The picture of the tree tells a story. The tree is too close to your house. It may damage the foundation or your roof. I would remove it and plant another mango tree at least 15 feet away from the house.  The tree does not need fertilizer. I do not see pH on the report but it may be high from the concrete.  If you are going to keep it, add potassium  0-0-50 potash of sulfate or 0-0-22 k mag.

Well, it's clear of the roof now, anyway. We'll almost certainly keep it, particularly given what we just spent to have it professionally pruned.

The pH says 6.8.

Copy on the potassium options - but what about the really low nitrogen?

Tropical Fruit Discussion / Re: Fertilizer/Soil Order for Mango Tree
« on: December 11, 2020, 03:21:20 PM »
bsbullie - I don't know how old the tree is, but it is at least 13 years old (and not much older) based on Google Street View's history. I posted a picture that the arborist took before they pruned it.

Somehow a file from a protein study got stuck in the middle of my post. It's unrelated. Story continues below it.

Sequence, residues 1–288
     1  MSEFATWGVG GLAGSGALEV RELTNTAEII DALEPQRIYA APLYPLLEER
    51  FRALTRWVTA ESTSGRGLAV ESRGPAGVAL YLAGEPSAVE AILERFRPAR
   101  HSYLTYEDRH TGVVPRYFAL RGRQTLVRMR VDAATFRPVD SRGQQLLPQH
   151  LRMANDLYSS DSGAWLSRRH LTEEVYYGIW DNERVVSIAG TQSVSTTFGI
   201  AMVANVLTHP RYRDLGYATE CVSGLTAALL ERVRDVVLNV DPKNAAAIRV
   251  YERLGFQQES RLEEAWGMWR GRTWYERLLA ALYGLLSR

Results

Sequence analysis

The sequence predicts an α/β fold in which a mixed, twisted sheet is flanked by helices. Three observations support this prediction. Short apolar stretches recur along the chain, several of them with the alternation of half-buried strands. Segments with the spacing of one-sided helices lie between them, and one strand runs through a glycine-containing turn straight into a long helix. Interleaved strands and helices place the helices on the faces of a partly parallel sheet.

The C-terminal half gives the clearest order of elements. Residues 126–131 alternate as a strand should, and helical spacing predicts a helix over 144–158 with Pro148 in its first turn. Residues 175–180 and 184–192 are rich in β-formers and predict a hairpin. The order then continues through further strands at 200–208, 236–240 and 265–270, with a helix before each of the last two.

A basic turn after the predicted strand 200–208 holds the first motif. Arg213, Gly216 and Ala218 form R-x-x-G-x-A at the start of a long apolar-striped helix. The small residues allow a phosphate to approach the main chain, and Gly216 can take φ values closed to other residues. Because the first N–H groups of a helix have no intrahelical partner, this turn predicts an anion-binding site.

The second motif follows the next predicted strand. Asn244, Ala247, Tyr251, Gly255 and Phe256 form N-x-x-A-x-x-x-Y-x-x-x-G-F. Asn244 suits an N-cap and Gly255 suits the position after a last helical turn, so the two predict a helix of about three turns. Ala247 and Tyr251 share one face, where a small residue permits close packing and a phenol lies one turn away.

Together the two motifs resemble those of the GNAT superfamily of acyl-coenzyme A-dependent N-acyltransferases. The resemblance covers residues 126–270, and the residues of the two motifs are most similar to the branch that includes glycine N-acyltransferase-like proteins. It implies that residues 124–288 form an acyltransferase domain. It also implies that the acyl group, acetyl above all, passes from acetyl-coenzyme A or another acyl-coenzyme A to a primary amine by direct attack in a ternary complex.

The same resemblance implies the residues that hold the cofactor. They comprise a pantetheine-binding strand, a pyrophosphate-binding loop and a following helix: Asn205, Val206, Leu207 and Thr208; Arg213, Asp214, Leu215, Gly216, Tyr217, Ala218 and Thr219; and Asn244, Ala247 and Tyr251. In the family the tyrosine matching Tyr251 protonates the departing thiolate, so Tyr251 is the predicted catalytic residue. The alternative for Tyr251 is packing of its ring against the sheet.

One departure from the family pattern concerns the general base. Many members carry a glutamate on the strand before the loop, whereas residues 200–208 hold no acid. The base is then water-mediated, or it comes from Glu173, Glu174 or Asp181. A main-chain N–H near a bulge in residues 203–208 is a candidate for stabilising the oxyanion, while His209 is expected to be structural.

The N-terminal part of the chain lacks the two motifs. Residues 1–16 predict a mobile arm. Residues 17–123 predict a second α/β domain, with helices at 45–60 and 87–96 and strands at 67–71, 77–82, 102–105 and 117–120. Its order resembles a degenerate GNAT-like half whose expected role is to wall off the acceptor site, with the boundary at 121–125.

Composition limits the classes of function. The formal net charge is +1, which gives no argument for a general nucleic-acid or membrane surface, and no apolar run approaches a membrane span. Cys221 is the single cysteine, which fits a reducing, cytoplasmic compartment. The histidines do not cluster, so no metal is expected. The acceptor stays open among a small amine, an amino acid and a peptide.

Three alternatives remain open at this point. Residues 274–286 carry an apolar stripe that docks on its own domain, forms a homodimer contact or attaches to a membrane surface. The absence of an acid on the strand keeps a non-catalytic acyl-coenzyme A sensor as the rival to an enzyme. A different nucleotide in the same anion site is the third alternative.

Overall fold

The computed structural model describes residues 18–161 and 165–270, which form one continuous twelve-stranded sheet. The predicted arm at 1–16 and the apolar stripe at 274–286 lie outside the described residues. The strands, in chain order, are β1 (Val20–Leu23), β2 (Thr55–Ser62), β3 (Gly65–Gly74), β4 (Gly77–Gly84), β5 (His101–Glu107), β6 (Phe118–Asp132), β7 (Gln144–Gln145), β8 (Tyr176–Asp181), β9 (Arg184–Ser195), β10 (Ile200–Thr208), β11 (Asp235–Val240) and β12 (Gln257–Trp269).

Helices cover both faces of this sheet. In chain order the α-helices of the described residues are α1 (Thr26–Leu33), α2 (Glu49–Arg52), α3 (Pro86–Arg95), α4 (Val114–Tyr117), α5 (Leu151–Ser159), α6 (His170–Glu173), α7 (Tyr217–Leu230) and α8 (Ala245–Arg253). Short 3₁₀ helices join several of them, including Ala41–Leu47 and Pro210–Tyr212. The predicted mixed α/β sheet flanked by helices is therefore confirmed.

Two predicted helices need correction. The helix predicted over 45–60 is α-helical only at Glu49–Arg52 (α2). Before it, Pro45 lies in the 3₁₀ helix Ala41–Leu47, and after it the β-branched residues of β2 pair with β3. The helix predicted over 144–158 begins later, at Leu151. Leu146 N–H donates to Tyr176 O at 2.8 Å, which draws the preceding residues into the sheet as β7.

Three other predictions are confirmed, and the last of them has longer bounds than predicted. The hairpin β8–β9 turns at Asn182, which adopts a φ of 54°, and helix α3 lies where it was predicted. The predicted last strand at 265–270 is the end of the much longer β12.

EddieF - I got the results from them and attached them here. I don't know what all of that means, but it looks like Nitrogen and Potassium are very low.

saltyreefer - I don't think the tree bloomed at all this year. It usually blooms in the winter, and I think it was late Jan-early Feb that it occurred to me it hadn't bloomed and there were no buds or anything. In winter 2017-2018, we had a cold snap right when most of the tree was blooming and that killed everything, and we only got a few mangos that summer from places on the tree that bloomed late. But we didn't notice any real cold snaps last winter and never saw buds or flowers.

cbss_daviefl - Thanks for the details. Does the soil report affect your recommendation at all?

Tropical Fruit Discussion / Re: Fertilizer/Soil Order for Mango Tree
« on: December 10, 2020, 01:06:46 PM »